There is a flat spot in performance below 1,500rpm before the turbo spools up, so you have to choose your ratio in the six-speed manual gearbox carefully, but the 190Nm of torque available in the mid-range is just about enough to keep the car ticking along with other traffic. Refinement at idle is truly exceptional, with not even a whisper of engine noise making it through to the cabin.

Work it hard and explore the upper edges of the rev range, however, and it can begin to sound strained. It lacks the eagerness and smooth power delivery of the less potent 1.2 TSI in the Skoda Yeti, although the Yeti is lighter.

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Turbocharger overloads engine and will break it down in 150000 km.

Mazda had a better idea with their Sky-Active 2L engine.
Also Citroen showed promising new economical non-turbo 1.2 VTi engine - but for smaller cars (82KM).

Your crystal ball says that Nissan have not made any progress with engine tech since the 1980s.

Another positive review for another model of the 2nd Gen Nissan Qashqai but I'm still wary of the reliability of small turbo engines in the long run.

I test drove another car maker's small turbo petrol. The power delivery was smooth and consistent but I still doubt small engines longevity.

BRING IT TOO THE STATES, yes it will conflict with the lame Rogue, who cares this would outsell everything in its class. Nissan has no guts.

I quite like the look of this, however I feel that the engines may well be the weak point on it and it would be better to put in maybe a more punchy 1,7 or even 2,0l engine to give it some extra grunt.

Not sure about the CVT gearboxes either.

All cars made in Britain consistently earn overwhelming reviews from British car magazines...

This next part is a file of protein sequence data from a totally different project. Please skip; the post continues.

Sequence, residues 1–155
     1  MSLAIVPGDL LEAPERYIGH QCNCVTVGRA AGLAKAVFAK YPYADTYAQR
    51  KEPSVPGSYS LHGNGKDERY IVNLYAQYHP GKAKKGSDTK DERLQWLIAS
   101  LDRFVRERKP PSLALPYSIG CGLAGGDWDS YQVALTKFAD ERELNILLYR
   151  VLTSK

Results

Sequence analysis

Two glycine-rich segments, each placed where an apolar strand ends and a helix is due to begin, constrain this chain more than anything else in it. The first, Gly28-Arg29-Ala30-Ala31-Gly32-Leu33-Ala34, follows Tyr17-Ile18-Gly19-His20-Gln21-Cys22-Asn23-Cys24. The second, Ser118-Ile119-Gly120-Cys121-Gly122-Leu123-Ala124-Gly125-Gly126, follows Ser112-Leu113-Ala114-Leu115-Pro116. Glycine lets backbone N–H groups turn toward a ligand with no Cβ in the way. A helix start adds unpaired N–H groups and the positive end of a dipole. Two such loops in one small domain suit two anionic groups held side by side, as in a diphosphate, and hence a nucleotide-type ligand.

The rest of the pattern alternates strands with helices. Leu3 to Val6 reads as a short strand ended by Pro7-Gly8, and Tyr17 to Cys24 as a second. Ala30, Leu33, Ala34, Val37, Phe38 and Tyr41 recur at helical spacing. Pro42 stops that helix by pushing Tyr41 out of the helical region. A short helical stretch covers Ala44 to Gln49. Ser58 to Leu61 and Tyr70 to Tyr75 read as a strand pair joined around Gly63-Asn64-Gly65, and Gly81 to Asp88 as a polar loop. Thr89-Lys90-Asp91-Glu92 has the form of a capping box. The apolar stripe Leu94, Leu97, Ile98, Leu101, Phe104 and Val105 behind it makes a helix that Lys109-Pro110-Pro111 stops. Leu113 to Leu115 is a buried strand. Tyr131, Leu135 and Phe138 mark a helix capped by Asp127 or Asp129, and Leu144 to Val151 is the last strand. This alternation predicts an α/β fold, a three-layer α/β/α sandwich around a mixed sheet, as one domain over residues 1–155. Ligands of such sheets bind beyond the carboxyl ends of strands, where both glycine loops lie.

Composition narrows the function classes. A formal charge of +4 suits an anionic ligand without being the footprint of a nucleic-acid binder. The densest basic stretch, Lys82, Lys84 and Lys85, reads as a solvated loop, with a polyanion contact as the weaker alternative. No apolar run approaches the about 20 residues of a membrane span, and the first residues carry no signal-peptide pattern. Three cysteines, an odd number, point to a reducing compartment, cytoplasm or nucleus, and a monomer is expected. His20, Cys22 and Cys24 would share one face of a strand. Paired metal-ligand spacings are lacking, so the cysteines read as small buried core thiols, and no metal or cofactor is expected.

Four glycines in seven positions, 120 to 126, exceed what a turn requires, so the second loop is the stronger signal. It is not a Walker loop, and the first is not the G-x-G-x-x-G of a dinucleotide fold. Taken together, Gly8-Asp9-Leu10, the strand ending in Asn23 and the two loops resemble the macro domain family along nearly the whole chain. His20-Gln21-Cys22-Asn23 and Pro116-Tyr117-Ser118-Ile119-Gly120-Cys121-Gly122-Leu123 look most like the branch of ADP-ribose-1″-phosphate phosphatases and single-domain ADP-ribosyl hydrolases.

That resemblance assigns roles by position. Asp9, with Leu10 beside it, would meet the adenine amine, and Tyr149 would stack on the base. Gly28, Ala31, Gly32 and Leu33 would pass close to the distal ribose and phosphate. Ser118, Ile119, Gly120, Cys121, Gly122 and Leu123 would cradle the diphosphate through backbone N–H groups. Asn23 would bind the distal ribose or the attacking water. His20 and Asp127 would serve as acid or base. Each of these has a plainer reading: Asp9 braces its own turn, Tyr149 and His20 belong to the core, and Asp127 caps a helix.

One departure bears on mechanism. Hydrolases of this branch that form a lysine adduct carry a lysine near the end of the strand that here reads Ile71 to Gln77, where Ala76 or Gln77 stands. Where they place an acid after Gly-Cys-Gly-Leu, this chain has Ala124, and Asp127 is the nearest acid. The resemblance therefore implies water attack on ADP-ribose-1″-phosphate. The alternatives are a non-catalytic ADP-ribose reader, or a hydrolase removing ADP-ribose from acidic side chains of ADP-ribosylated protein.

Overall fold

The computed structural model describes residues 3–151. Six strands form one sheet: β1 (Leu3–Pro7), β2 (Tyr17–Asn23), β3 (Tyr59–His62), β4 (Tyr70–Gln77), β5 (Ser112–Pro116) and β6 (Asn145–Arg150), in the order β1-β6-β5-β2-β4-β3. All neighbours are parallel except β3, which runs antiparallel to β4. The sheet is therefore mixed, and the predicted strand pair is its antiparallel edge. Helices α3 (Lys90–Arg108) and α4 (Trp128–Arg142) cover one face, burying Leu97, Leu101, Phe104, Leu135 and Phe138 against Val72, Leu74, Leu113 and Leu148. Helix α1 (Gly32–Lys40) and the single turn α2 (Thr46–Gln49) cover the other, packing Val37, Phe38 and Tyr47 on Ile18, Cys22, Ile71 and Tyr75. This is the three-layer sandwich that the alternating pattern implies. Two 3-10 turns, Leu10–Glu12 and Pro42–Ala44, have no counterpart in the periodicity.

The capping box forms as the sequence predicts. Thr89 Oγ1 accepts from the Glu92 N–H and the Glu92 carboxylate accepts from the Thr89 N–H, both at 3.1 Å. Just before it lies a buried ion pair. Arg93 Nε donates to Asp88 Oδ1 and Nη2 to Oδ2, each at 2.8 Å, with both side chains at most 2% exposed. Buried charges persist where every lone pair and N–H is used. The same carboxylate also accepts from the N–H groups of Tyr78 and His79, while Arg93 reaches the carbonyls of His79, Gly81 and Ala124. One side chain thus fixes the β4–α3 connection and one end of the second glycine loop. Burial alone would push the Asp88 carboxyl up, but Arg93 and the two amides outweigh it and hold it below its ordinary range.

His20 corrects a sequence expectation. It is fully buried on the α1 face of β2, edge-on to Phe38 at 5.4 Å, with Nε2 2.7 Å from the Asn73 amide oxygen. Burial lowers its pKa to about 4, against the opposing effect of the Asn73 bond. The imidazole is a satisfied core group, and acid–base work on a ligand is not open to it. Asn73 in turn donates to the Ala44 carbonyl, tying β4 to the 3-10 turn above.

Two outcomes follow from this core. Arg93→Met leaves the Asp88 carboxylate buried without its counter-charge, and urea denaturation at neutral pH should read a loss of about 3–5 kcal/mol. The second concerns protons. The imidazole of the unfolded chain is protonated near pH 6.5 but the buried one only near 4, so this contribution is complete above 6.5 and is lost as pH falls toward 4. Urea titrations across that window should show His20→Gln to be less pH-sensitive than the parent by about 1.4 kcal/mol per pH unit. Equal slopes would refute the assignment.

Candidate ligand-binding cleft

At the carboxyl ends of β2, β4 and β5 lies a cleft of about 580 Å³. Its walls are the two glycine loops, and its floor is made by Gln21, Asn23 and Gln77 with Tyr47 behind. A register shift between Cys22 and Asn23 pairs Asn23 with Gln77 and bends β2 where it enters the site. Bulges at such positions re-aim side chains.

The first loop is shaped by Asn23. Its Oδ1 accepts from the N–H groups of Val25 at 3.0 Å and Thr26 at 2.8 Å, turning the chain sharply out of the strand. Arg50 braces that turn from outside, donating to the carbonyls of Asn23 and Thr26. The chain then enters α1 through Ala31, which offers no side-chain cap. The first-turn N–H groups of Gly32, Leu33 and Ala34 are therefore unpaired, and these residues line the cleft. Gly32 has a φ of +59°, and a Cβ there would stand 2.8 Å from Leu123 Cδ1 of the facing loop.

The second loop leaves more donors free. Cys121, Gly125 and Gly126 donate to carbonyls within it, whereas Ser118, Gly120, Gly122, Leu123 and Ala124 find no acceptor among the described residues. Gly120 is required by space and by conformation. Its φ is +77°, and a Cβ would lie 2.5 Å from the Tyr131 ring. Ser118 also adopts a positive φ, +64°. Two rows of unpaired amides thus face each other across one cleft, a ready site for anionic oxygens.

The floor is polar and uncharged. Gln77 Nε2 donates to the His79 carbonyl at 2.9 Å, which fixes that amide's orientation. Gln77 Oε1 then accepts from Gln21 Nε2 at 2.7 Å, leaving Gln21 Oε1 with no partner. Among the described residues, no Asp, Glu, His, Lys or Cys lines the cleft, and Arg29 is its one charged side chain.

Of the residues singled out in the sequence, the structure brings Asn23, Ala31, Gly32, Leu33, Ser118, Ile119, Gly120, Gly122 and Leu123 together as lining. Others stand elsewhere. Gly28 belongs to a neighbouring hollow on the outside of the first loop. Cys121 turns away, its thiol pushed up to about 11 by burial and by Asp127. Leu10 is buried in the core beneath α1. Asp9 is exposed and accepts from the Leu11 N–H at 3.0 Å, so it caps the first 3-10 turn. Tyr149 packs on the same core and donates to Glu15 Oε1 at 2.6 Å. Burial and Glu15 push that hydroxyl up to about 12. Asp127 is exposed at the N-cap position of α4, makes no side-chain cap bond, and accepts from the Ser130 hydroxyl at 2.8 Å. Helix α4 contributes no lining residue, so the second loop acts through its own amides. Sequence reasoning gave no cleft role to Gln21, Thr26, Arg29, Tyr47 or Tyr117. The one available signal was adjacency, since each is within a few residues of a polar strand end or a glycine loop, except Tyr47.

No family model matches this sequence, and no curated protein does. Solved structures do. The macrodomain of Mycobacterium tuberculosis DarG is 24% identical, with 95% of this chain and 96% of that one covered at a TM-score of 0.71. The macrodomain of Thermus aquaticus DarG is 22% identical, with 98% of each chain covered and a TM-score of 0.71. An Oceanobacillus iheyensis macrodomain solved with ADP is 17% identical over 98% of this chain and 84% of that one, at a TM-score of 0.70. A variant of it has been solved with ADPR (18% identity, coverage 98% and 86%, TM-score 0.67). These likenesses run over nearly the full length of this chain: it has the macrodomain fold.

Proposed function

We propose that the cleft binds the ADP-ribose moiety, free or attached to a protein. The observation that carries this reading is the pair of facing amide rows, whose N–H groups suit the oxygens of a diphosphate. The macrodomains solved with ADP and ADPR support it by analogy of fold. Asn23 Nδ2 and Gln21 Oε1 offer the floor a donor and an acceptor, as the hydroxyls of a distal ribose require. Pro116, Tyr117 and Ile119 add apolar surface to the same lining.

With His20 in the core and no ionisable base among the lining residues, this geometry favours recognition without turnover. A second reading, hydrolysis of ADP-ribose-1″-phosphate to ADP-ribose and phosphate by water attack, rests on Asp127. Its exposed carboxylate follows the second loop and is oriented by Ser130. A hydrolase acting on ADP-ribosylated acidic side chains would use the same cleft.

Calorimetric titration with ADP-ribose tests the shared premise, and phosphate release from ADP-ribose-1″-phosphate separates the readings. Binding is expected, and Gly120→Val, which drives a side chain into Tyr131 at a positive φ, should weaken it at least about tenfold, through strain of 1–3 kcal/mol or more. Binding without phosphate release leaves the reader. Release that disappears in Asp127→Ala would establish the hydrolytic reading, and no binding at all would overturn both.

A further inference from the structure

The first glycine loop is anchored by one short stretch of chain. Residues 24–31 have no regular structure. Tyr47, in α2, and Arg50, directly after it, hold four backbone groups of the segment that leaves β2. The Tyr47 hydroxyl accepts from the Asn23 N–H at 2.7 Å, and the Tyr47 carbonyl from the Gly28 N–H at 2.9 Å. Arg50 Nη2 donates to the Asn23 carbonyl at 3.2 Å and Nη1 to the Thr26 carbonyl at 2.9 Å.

very untrue. Also, Auto Express is an Axel Springer magazine - German and basically the British AutoBild and is seen to consistently favour VW group products.

Yeah, AutoExpress gave victories to the Korean Chevy Cruze over the MG6 and the Porsche Boxter over the Lotus Exige S in the most recent head to heads. Generally the UK press is very harsh on UK products.
But people like "Michael" will still make up rubbish fictional comments like that so he can have a dig.

Imho a Kia Sportage looks a lot better and doesn't come with an (over)blown 1.2....

My crystal TV says:
They have made too little progress and now have to decrease the size and turbocharge their engines to keep up with the standards of CO2 emission.

I still don't get this mentallity.

All Diesel engines are turbo charged and have far higher compression ratios than these turbo petrols; yet they run flawlessly for hundreds of thousands of kilometers before finally dying (if they ever do at all).

The key to longitivity in turbo engines is to overbuild the engine as with Diesels - Unlike the VW group, Engines are most definitly one place Nissan hasn't skimped on cost. The 1.2L DIG-T and DIG-S have been around for a while now and they're nothing short of golden, reliability wise.

Now engines like the 1.0L 125bhp EcoBoost from Ford I'd be worried about. An engine the size of an A4 peice of paper getting that much forced induction? Its worrying.

Key specs

  • Price: £23,145
  • Engine: 1.2-litre 4cyl turbo
  • Power: 113bhp
  • Transmission: Six-speed manual, front-wheel drive
  • 0-62mph: 11.3 seconds
  • Top speed: 114mph
  • Economy/CO2: 50.4mpg/129g/km
  • Equipment: 19-inch alloy wheels, sat-nav, climate control, leather seats, panoramic roof
  • On sale: Now